Tag Archive

museums

Ask a public historian: Paul Chaat Smith

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Photo credit: NMAI Photo Services, Smithsonian Institution

Paul Chaat Smith joined the Smithsonian’s National Museum of the American Indian in 2001, where he currently serves as associate curator. With Robert Warrior, he is the author of Like a Hurricane: The Indian Movement from Alcatraz to Wounded Knee (New Press, 1996), a standard text in Native Studies and American history courses. Read More

Inclusive training at Historic Columbia

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The Wilson family constructed the Woodrow Wilson Family Home in Columbia, South Carolina during Reconstruction but only lived in the community for four years. Photo credit: Historic Columbia.

Believed to be the first museum of Reconstruction in the nation, the Woodrow Wilson Family Home (WWFH) reopened to the public on February 15, 2014 after being closed for nine years. Read More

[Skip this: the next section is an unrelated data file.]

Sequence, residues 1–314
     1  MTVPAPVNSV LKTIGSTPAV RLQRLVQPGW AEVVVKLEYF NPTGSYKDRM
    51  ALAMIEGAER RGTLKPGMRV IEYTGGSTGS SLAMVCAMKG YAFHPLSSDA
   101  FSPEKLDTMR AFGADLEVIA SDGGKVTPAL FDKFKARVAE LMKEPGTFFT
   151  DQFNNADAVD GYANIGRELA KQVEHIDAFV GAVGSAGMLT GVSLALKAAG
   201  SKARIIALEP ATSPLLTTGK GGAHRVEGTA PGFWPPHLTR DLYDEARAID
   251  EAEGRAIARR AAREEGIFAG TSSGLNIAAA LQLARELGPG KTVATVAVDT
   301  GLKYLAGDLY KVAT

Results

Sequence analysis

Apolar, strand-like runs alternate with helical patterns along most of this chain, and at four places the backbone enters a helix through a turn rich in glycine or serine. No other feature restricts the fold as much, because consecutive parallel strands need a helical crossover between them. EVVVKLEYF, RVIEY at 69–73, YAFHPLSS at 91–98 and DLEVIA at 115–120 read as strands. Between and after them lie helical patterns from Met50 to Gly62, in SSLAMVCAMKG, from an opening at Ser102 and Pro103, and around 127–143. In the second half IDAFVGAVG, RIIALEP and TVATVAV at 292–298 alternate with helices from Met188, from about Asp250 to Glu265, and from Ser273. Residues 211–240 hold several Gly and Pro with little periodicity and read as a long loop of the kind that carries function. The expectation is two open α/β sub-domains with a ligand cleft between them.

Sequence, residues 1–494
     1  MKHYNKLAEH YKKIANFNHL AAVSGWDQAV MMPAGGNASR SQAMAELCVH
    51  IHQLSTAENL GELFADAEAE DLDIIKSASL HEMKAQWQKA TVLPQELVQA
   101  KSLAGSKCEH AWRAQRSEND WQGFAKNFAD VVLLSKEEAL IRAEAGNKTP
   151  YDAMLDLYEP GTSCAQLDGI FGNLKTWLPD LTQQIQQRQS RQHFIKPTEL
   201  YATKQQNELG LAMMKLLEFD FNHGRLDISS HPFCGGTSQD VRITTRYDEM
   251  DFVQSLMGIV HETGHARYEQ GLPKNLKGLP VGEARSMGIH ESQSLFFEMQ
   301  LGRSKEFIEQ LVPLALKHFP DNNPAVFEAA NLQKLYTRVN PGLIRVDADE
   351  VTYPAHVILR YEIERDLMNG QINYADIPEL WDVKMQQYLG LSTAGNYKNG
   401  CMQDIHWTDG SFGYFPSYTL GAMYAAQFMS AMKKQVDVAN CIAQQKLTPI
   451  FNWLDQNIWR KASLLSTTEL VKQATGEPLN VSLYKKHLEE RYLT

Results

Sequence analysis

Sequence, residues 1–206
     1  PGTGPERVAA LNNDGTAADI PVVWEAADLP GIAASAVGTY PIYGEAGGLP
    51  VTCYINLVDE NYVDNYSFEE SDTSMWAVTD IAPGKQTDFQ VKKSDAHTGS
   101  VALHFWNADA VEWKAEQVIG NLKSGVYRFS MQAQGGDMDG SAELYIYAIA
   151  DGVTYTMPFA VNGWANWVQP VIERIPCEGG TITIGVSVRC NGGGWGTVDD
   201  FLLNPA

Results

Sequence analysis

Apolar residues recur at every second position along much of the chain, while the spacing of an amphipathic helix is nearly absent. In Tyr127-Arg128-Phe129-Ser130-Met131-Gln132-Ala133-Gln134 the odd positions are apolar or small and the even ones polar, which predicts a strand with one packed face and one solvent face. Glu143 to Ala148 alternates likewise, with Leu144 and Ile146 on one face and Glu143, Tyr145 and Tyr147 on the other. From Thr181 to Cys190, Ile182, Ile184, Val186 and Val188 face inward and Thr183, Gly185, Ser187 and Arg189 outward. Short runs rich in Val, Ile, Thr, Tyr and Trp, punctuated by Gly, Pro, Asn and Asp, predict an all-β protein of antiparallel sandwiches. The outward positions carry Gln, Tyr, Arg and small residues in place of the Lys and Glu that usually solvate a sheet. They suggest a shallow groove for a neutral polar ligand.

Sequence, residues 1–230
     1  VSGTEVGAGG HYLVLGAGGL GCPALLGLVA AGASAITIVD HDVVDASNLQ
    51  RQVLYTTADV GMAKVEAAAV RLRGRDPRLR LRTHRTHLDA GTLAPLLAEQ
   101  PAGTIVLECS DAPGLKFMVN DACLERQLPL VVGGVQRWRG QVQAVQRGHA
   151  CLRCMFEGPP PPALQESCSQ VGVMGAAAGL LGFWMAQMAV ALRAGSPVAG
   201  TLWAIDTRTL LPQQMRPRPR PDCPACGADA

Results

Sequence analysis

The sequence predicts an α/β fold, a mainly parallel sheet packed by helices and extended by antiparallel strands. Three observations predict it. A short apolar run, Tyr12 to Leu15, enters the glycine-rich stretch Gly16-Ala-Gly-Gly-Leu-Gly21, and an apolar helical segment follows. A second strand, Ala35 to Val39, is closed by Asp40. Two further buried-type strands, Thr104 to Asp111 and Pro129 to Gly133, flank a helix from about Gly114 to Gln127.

NCPH Book Award: Reflections from Susan Ferentinos

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Interpreting LGBT History at Museums and Historic Sites (Rowman & Littlefield) Cover shot courtesy the author

Interpreting LGBT History at Museums and Historic Sites (Rowman & Littlefield) Cover.

I decided to become a professional historian in a campground in Ohio in the summer of 1994. I was spending the day lounging at my campsite, reading About Time: Exploring the Gay Past, by Martin Duberman, when his essay “’Writhing Bedfellows’ in Antebellum South Carolina: Historical Interpretation and the Politics of Evidence” got me so fired up that I decided it was time to go out and do what I could to bring the past to the people. Read More

Public history on Broadway (Part 2)

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My recent review of the Georgia Social Studies Standards, as part of my work at the Museum of History and Holocaust Education, galvanized my desire to reflect on the importance of the Broadway musical, Allegiance, which tells the story in fictionalized form of George Takei’s family’s experience in internment camps during World War II. Read More

Jack the Ripper Museum

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In August 2015, a museum that had originally been billed as “the first women’s museum in the UK” opened instead as the Jack the Ripper Museum on Cable Street in the East End of London. ‘Jack the Ripper,’ an anonymous figure who murdered and mutilated at least five women in the late nineteenth century, has become the focus of a museum that had once been promised to represent and celebrate untold histories of women. Read More